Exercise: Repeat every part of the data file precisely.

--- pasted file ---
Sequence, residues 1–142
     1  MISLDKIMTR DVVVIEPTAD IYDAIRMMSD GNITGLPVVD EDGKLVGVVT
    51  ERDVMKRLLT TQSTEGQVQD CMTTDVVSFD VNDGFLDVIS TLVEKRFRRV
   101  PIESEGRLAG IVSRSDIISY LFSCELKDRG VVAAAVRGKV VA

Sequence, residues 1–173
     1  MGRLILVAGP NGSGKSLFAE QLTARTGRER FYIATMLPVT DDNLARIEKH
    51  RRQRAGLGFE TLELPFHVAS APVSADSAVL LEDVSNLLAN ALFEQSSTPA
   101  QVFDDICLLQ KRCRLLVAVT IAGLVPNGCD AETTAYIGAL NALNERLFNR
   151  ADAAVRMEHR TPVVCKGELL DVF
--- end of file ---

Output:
Sequence, residues 1–142
     1  MISLDKIMTR DVVVIEPTAD IYDAIRMMSD GNITGLPVVD EDGKLVGVVT
    51  ERDVMKRLLT TQSTEGQVQD CMTTDVVSFD VNDGFLDVIS TLVEKRFRRV
   101  PIESEGRLAG IVSRSDIISY LFSCELKDRG VVAAAVRGKV VA

Sequence, residues 1–173
     1  MGRLILVAGP NGSGKSLFAE QLTARTGRER FYIATMLPVT DDNLARIEKH
    51  RRQRAGLGFE TLELPFHVAS APVSADSAVL LEDVSNLLAN ALFEQSSTPA
   101  QVFDDICLLQ KRCRLLVAVT IAGLVPNGCD AETTAYIGAL NALNERLFNR
   151  ADAAVRMEHR TPVVCKGELL DVF